3. Support for Hair Thinning: Hormonal shifts during menopause can contribute to thinning hair. Castor Oil’s nutrient-rich composition, including omega-6 fatty acids, supports hair follicles, potentially limiting the impact of thinning.9 Plus, regular scalp massage with Castor Oil may help encourage a healthier scalp environment, thanks to Castor Oil’s antimicrobial10A and anti-inflammatory11 properties.
How can Castor Oil be used for Hair by Queen of the Thrones

Sounds good, agreed? But not all Castor Oil is made equally. Always ensure your Castor Oil is 100% pure, hexane free, extra virgin and bottled in glass- like Queen of the Thrones® Golden Castor Oil!

Let’s go a little deeper into how Castor Oil may help support healthier looking hair!

Castor Oil for hair growth

Castor Oil for Hair loss by Queen of the Thrones

Castor Oil is rich in ricinoleic acid, a unique fatty acid that looks like a prostaglandin (a molecular messenger that reduces inflammation)12. Curious what this has to do with  menopausal hair loss?

Well, when applied to the scalp it is believed that Castor Oil may support slowing down inflammation via stimulation of the hair follicle. Plus, it may also help promote blood circulation via nitric oxide,13 supporting better nutrient and oxygen delivery to the hair follicles, potentially helping with hair growth.

Pretty neat, right? Plus, Castor Oil’s antimicrobial and anti-inflammatory properties10B may help combat scalp conditions that might limit hair growth, including dandruff and/or fungal infections.

You see, by maintaining a clean and balanced scalp, Castor Oil is thought to help support an ideal environment for hair growth.

Castor Oil for dry, brittle hair

Struggling with dry, brittle hair? Skip the hot oil treatment of the 90’s and try Castor Oil! This oil is rich in ricinolein, a monounsaturated fatty acid that allows it to act as natural moisturizer for your hair.14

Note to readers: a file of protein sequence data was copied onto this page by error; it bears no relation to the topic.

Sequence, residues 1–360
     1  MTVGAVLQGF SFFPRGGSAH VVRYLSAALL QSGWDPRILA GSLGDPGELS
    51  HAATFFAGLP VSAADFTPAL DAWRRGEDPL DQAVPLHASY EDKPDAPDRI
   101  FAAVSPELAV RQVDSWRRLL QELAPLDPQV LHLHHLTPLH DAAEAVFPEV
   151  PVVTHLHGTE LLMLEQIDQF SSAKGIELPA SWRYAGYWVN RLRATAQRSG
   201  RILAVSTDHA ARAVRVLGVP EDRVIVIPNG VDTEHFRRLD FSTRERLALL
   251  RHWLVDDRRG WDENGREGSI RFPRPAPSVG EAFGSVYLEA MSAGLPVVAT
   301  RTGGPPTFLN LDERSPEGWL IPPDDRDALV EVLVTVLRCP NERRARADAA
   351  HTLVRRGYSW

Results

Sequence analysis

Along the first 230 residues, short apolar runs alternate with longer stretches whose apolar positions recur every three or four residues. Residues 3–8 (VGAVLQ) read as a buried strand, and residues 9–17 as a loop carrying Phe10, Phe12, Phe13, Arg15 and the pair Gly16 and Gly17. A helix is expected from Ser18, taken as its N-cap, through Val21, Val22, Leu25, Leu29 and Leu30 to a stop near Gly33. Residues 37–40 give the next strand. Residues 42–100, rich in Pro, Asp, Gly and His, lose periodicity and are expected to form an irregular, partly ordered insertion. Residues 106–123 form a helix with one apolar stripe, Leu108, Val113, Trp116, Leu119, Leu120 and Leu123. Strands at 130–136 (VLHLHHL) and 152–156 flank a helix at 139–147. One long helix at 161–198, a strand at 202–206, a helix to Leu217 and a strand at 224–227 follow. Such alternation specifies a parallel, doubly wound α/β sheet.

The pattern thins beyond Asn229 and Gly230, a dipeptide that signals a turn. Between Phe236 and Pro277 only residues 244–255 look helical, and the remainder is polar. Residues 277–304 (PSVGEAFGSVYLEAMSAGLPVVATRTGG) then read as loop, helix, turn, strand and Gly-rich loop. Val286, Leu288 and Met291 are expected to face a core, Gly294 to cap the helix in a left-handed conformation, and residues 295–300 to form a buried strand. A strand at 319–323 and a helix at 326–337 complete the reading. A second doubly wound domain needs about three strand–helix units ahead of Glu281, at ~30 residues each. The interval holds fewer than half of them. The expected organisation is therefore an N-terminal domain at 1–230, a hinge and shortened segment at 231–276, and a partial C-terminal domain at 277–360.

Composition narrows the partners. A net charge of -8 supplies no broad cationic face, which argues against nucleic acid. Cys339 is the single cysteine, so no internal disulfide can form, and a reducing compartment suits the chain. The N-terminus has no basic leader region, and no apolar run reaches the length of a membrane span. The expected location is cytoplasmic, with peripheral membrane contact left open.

Castor Oil’s thick consistency allows it to penetrate the hair shaft, helping to bring deep hydration to your strands. This helps in restoring moisture that may be lost during menopause, and may help make your hair more manageable and less prone to breakage.

But, remember that with Castor Oil, less is more since it is such a thick, luscious oil.

Makes sense, agreed? Plus, to make your Castor Oil hair routine less messy, you can add in a hair wrap, which is kind of like a Castor Oil Pack for your hair. Intrigued?

Well, Queen of the Thrones® has created a Castor Oil Hair Mask Kit, which means ease and less-mess. The best part? It’s made with high quality organic materials and third-party tested, practitioner-grade Castor Oil.

Homemade Castor Oil Shampoo

Tired of the endless products lining your bathroom counter? Why not try the potential natural benefits of Castor Oil for your hair? Check out this shampoo recipe below, which may help support menopause hair loss!

Homemade Castor Oil Shampoo:

  • Select a glass bottle with a capacity of approximately 350mL.
  • Incorporate 4 tablespoons of high-quality organic Castor Oil into the bottle.
  • Top up the remaining space in the bottle with an all-natural shampoo of your choice.
  • Vigorously shake the bottle to ensure thorough mixing before each use.
  • Apply the Castor Oil Shampoo during every wash, or as needed.

Note: Allow your hair a few washes to adapt to this formula, depending on your hair type. To have a full body experience, consider combining it with your nightly Castor Oil Pack routine and using a Castor Oil Hair Wrap.

Home made Castor oil shampoo by Queen of the Thrones

Would you love more Castor Oil recipes for your hair, skin and nails?

Conclusion

So, my friend, in the mirror’s reflection, the changes in your hair may symbolize the evolving chapters of your life, but it doesn’t write your story. 

As you incorporate Castor Oil into your hair care routine, envision it not as a solution to dryness, texture, breakage etc., but as a daily affirmation of self-compassion and self-care.